Gun lobbying groups did claim some wins last year, Anderman said.

For example, both Idaho and Wyoming enacted "Stand Your Ground" laws, which allow the use of deadly force in response to threats without the fear of criminal prosecution. Oklahoma expanded its "Stand Your Ground" law to allow deadly force in houses of worship, and Wyoming also repealed the prohibition of guns in houses of worship.

Parents of 2 Parkland victims want Pulitzer for local paper

Parents of 2 Parkland victims want Pulitzer for local paper Two parents who lost daughters in last year's Parkland, Florida, school shooting are calling for their local newspaper to win the Pulitzer Prize, saying the South Florida Sun Sentinel has stayed on the story to demand accountability long after the national media left. require(["medianetNativeAdOnArticle"], function (medianetNativeAdOnArticle) { medianetNativeAdOnArticle.getMedianetNativeAds(true); }); The parents, Ryan Petty and Andrew Pollack, wrote an open letter to judges who decide the Pulitzer that was posted on the website Real Clear Education in recent days.

Here ' s how it happened . Geography, technology and youthful passion have helped the Parkland students lead a movement against gun violence The survivors of the shooting at Marjory Stoneman Douglas High School in Parkland , Fla., have broken through a decades-long stalemate in the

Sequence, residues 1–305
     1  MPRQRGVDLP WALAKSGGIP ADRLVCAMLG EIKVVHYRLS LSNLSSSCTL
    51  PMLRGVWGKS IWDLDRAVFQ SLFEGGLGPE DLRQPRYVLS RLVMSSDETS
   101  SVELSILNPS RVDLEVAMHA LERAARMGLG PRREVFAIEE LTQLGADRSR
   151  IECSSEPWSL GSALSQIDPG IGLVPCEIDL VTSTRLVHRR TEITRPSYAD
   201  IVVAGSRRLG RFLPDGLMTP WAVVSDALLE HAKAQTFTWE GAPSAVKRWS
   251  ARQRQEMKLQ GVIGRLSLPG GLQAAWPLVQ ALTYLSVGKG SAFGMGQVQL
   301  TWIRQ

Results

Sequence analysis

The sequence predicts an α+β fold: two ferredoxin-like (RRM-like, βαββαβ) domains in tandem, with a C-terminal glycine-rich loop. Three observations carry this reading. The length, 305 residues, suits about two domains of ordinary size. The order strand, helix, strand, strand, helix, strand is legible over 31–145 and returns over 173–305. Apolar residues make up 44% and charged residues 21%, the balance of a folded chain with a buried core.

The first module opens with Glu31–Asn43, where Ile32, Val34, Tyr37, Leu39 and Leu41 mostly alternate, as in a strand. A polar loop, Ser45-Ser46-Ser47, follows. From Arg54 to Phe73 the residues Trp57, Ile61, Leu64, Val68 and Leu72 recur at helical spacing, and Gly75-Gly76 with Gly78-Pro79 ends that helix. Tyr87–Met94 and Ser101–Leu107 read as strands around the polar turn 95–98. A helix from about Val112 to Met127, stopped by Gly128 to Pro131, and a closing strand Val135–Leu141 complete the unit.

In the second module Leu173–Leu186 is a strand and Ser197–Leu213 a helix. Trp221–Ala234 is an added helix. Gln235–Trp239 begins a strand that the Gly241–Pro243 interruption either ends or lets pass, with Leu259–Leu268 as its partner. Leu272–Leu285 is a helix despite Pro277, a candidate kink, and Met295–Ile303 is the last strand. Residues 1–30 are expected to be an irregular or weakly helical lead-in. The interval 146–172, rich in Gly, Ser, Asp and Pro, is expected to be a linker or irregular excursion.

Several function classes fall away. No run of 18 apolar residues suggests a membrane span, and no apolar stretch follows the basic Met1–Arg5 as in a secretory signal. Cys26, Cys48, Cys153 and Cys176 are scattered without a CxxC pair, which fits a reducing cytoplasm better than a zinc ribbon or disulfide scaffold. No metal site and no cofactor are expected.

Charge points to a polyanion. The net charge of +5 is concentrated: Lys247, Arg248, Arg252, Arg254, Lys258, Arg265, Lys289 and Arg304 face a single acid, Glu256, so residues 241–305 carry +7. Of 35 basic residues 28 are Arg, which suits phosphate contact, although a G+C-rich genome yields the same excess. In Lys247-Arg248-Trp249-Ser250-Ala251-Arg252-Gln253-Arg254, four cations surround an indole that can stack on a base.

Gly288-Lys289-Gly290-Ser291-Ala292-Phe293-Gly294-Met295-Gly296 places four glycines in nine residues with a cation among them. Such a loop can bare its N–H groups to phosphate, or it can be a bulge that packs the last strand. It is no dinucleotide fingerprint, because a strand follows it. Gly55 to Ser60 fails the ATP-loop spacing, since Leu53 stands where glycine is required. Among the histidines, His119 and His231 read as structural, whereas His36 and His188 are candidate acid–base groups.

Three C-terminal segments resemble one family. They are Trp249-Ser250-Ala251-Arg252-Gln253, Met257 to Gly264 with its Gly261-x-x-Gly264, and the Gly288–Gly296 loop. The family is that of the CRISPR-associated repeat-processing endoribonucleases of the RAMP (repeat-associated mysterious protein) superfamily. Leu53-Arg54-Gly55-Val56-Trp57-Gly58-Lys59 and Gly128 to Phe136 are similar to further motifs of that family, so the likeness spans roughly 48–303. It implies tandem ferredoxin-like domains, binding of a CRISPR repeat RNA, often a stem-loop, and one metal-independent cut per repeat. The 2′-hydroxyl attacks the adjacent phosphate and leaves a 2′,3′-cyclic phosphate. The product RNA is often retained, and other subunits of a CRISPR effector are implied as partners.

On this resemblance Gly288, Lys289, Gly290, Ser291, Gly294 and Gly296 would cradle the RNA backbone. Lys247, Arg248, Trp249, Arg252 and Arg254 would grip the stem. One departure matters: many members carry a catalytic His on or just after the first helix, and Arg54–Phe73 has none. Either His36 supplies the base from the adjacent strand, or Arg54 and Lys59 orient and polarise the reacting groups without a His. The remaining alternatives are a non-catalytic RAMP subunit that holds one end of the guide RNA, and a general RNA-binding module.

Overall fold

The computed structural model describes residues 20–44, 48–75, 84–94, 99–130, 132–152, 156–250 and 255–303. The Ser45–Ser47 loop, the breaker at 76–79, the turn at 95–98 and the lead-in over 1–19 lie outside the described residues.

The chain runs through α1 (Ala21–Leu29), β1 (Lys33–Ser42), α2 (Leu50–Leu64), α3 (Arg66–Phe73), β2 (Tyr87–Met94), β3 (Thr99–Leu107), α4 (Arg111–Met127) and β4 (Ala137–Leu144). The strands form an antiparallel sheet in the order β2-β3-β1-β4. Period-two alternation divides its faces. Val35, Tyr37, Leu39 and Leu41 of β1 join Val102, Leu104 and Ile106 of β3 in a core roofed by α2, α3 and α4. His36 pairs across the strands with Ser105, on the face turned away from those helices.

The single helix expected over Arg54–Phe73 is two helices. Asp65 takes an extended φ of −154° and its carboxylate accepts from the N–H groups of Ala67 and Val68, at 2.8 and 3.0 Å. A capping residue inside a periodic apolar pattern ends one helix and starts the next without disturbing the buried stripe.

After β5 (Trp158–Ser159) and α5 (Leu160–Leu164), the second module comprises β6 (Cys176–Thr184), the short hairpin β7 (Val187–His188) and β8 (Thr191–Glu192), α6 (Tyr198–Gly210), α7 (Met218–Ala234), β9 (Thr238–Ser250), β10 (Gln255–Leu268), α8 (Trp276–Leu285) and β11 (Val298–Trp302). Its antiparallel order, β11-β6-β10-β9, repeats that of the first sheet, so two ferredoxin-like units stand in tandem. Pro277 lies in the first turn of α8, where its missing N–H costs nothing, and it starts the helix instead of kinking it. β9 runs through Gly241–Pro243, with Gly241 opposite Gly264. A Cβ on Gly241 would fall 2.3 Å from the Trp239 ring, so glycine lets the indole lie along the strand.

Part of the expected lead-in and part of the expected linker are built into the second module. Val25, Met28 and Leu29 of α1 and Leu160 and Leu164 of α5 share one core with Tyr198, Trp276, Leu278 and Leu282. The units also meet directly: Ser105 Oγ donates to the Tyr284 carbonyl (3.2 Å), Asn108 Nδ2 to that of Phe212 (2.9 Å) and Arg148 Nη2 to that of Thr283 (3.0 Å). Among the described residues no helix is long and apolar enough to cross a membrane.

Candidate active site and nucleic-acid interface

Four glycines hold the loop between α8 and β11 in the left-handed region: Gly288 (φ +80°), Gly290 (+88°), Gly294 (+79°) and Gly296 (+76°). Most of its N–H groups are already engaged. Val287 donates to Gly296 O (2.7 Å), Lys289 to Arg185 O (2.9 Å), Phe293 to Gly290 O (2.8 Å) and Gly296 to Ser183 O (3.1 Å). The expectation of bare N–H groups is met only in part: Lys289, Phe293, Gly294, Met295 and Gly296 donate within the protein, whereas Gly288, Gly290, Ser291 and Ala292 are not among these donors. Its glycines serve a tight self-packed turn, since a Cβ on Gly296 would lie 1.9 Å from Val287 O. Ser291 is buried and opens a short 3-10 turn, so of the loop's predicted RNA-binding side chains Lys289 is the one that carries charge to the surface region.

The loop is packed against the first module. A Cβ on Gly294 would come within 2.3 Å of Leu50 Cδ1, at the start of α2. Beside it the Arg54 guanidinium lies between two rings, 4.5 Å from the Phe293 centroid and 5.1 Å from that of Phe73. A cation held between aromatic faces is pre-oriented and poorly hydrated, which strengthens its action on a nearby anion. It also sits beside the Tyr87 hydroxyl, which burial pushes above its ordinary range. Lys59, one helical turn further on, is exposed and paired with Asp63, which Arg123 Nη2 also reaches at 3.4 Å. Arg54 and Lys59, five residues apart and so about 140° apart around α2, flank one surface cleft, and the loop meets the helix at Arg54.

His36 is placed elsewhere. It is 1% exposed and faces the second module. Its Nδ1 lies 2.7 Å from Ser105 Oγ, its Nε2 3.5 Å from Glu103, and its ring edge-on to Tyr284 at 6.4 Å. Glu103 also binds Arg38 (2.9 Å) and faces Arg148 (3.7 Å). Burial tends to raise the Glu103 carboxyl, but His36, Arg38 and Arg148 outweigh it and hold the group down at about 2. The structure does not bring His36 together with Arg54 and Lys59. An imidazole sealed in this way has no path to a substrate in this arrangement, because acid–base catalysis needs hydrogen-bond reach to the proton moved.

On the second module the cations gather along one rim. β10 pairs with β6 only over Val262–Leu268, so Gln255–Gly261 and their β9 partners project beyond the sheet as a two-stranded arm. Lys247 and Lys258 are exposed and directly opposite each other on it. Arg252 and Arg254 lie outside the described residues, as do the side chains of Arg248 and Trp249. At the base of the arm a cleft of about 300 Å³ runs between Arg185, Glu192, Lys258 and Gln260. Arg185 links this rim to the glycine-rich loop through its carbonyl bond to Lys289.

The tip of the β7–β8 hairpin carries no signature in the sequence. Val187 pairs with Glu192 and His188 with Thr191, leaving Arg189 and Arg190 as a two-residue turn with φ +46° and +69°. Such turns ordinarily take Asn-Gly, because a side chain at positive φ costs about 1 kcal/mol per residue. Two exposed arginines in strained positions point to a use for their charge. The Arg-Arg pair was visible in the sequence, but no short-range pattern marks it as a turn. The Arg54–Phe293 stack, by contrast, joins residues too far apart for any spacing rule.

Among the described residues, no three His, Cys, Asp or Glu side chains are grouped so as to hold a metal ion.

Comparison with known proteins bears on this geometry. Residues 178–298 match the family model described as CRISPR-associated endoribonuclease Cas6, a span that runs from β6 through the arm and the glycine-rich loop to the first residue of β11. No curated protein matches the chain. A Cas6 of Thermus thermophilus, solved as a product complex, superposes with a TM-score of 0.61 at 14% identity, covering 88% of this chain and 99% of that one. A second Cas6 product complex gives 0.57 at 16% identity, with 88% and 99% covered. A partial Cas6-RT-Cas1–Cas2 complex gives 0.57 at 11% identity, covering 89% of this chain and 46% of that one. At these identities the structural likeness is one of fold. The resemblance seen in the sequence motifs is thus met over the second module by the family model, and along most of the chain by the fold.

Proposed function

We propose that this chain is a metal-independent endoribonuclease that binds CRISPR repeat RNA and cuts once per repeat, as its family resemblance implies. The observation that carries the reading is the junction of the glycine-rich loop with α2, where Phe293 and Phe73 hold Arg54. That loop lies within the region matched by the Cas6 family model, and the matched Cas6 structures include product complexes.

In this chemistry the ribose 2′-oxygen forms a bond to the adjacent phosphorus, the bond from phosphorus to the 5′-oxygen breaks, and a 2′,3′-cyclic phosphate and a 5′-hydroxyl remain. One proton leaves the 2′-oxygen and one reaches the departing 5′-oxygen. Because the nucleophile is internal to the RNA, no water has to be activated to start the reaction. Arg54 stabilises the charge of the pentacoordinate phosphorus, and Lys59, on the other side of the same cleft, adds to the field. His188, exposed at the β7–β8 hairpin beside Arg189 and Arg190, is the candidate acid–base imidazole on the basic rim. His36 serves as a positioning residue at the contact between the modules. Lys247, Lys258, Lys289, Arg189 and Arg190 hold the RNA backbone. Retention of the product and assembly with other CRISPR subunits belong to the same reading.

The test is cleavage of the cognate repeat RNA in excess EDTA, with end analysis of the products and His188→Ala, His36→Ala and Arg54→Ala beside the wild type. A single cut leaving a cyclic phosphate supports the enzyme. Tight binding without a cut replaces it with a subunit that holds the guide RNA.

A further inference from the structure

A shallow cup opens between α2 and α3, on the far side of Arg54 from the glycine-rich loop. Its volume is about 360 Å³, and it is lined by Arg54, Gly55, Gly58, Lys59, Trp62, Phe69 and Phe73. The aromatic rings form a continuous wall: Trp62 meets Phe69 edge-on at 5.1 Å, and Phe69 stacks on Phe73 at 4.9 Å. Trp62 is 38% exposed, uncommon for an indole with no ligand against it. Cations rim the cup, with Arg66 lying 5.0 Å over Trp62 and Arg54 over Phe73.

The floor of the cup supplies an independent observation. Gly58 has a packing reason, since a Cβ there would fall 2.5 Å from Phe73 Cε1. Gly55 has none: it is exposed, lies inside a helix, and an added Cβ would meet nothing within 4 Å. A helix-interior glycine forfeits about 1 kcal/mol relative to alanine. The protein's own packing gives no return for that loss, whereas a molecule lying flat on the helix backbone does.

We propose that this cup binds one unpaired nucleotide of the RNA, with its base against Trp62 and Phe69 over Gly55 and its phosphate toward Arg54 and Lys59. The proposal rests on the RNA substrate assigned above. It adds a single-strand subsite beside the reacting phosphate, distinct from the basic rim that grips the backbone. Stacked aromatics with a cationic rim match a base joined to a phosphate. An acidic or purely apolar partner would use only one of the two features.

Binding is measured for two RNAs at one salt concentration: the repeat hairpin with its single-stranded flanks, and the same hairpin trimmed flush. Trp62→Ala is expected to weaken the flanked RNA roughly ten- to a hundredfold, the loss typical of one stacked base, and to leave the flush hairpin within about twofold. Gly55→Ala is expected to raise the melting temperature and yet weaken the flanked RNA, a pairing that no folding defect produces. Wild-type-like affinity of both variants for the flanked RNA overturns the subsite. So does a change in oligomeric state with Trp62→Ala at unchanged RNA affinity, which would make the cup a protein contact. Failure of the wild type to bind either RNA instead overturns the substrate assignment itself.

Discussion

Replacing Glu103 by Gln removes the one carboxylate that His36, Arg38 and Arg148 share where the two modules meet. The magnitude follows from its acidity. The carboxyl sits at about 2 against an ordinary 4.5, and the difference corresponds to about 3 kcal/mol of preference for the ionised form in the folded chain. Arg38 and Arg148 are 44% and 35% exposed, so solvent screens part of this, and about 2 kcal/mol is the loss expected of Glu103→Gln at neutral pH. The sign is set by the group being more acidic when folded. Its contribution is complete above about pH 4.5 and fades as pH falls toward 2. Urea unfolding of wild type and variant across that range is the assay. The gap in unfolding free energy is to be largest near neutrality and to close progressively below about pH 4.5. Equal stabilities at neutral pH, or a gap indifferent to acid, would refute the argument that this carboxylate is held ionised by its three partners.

West Virginia passed a law that forces business owners to allow guns in the parking lots of their businesses, and Nebraska passed a new law that allows the withholding of public information related to firearm registration, possession and sales.

But it seems like nothing could diminish the resolve of the Parkland students who stood up and found themselves at the center of the gun control debate.

"I think we moved the needle. Not enough, but we did," Jaclyn Corin, one of the founding members of March For Our Lives and a senior at Marjory Stoneman Douglas, told CNN's Dianne Gallagher of the initial rush of activism that came out of the Parkland shooting.

Parkland survivors called for change. Here's what's happened in the year since the shooting© Alex Wong/Getty Images Protesters participate in the March for Our Lives rally on March 24, 2018, in Washington.

But there's always more room to make change, she said. And so the students who put on the March For Our Lives focused their energy on encouraging young people to vote for candidates whose policies aligned with theirs. They toured the country, meeting and talking with local activists to build a decentralized coalition to tackle gun violence in their communities.

"We are actively creating a grassroots army of young people that are focused not only on Congress, but on their state legislatures, on their city councils and school boards because that's where the real work gets done," Corin said.

"And that's where people need to be putting focus on because, sure, things are going to change on a federal level," she added, "but only if you make noise in your communities."

CNN's Fredreka Schouten, Dianne Gallagher and Meridith Edwards contributed to this report

Parents of 2 Parkland victims want Pulitzer for local paper.
Two parents who lost daughters in last year's Parkland, Florida, school shooting are calling for their local newspaper to win the Pulitzer Prize, saying the South Florida Sun Sentinel has stayed on the story to demand accountability long after the national media left. require(["medianetNativeAdOnArticle"], function (medianetNativeAdOnArticle) { medianetNativeAdOnArticle.getMedianetNativeAds(true); }); The parents, Ryan Petty and Andrew Pollack, wrote an open letter to judges who decide the Pulitzer that was posted on the website Real Clear Education in recent days.